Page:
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on June 12, 2013
I have loved the audio books. With the movie being out I wanted to read/listen to the book first. I really enjoyed The Great Gatsby narrated by Jake Gyllenhaal. Gyllenhaal's narration was why I purchased this copy. Recommend this to all who enjoy the audio books and Gyllenhaal.
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on March 7, 2004
Jessie, what you said about the book is totally untrue. I am a junior in highschool who has recently finished reading this book. I happen to believe that you are older than me and yet, I understood the book better than you. Why don't you read it a little more carefully next time? There aren't any unanswered questions. Gatsby's work is subtely mentioned in the book after Gatsby's death when Nick picks up a phone call that was meant for Gatsby. On page 174, Nick is confused by what the man on the other line wants from Gatsby. "'Young Parke's in trouble,' he said rapidly. 'They picked him up when he handed the bonds over the counter.'" It goes on to tell how it actually happened. If one read closely enough, it is obvious that Gatsby was not a bootlegger, as believed by Tom, but a white collar criminal who created counterfeit bonds.
I also do not enjoy seeing comments like "teenagers don't appreciate books, read it when you grow up," because I really liked the book and am sure that many other teenagers appreciate it too.
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on July 25, 2013
I did not see the product since it went directly to the third party I indicated. However, I do know that buying and paying for it was simple; shipping was incredibly fast; and the third party is very pleased to have the book. She is pre-reading it for school.
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on March 7, 2011
It's the first time I've revisited this since my high school years. Much of what was lost on me then was much more enjoyable viewed through older eyes. Fantastic!
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on July 31, 2014
Love, tears, wealth, beauty, and the green light. Hypocrisy, and lust in the early 1920's. What a beautiful era where the writer's words were chosen carefully such as a poet chooses his words to entrance and captivate the reader.
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on February 28, 2006
This book's rating on Amazon has lowered significantly for the simple reason that generations of high school students have been forced to read it. Hence the young review below who hysterically complains, "it could have been shorter."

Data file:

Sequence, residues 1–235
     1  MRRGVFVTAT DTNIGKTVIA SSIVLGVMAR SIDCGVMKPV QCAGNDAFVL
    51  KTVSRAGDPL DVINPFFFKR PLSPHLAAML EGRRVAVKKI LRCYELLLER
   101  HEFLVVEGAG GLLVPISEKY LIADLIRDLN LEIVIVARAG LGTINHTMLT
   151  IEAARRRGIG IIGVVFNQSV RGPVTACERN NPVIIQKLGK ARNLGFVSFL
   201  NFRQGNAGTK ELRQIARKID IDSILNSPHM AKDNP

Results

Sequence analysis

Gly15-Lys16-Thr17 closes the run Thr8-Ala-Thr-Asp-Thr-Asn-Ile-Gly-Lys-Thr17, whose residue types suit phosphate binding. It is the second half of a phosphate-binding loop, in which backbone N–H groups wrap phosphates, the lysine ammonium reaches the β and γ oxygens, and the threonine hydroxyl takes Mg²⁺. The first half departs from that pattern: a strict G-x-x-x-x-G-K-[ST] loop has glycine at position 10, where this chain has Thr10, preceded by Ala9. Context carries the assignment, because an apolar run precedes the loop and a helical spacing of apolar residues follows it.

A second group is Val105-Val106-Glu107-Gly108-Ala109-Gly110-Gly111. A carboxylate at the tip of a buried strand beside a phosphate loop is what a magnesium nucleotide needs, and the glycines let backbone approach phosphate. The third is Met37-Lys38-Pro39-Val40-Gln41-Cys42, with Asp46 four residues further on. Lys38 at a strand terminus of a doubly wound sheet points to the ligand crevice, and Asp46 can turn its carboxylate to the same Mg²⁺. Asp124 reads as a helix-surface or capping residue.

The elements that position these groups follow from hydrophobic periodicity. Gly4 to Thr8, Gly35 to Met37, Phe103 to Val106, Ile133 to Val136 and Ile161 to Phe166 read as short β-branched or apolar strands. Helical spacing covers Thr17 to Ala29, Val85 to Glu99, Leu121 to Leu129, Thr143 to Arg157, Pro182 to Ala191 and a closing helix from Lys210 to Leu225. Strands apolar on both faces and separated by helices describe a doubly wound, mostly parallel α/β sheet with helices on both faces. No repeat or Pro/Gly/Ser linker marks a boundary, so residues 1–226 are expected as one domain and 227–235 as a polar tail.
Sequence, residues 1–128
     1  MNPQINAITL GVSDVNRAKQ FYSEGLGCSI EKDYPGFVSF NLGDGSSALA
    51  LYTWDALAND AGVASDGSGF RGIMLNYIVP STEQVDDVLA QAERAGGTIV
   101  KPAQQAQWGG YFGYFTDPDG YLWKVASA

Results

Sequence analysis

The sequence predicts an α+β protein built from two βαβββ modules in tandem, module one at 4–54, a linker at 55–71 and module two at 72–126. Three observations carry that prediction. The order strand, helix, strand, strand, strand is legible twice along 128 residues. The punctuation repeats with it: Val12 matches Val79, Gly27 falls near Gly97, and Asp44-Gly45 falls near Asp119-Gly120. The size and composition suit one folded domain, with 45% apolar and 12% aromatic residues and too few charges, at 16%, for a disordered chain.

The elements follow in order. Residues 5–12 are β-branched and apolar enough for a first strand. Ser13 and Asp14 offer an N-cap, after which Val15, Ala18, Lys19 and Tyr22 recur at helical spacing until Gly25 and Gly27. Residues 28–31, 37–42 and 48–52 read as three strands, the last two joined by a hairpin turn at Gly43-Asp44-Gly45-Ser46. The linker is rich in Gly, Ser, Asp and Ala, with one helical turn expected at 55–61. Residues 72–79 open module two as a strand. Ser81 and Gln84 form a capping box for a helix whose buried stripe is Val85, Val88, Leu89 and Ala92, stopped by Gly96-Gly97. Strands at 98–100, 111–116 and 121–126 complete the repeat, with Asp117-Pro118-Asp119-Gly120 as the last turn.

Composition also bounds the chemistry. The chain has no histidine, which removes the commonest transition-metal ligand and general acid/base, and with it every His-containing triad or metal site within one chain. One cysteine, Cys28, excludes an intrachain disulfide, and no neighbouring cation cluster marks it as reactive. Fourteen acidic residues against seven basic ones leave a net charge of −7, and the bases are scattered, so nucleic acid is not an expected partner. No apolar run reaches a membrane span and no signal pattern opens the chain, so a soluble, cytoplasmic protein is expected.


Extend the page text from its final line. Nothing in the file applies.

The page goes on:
Simply put, it's not an adolescent's book. It's a novel about the tail end of youth, not the beginning. All the characters have reached a point in there lives where the party has begun to die, and find there is little waiting for them in the light of day. Thus they are perfect metaphors for the Jazz Age, for capitalism and America itself.

It's also one of the most stunningly written love stories ever written, conveyed in a completely opaque manner. Fitzgerald expresses characters' relationships with little more than snapshots, gestures and tones of voice. The way that Daisy kisses Gatsby while her husband is in the other room. The way that the Bucahanans talk to each other in the kitchen of their house. It takes a brilliant writer to use such opacity to his advantage.

Fitzgerald basically defined American tragedy with this novel. The mixture of ambition, romanticism and shame that constitute Gatsby make him perhaps the most archetypal tragic figure since Oedipus. It's simply a great book and nothing more.
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on April 11, 2013
This is an interesting story. Having never read it, and only knowing it by name and nothing else, I can say it's definitely different from what I expected. Not sure what I was expecting, but I wasn't expecting a love story. It is really a love story after all. With that in mind, I'm glad I read it, but I don't know if I would say it's "the great American novel" though. Maybe for it's time it was, but not sure I could honestly say that now (though I also can't say what the "great American novel" is as I've never put a lot of thought into it).

This book is great for it's size. It's paced well, and it's easy to get into. It's a good book, and while it might not be "the great American novel" (in my eyes), it's definitely an American classic that should be read by all. It's a great example of how to tell a good story without being long winded.
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on August 14, 2014
The epitome of a perfectly-crafted novel. The most exquisite fruit that American literature has to offer. Each time I read 'The Great Gatsby' I am confronted with a novel that gets better and better with each reading. If you haven't read 'The Great Gatsby' at least once, then read it. And simmer in the pleasant warmth and amorphous pastel scenes that Fitzgerald has expertly-crafted.
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on October 11, 2014
I tried really hard to enjoy this book. But sad to admit that I quit after half the book. AND I DONT LIKE TO QUIT ON ANYTHING.

I found the book boring and mundane. The section where it took three pages to inform us of Gatsbys party friends was ridiculous. Also the book jumps around too much which makes you wonder where your at.
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on March 18, 2015
Personally I think it's not one of my favorites, but it has a great message to the audience. I think it is very heavily influenced by symbolism. The green light, the rich dressed in white, the eyes of T. J. Eckleburg, the overly lavish parties, and many more aspects of the book show that morality declines when people become selfish and materialistic.
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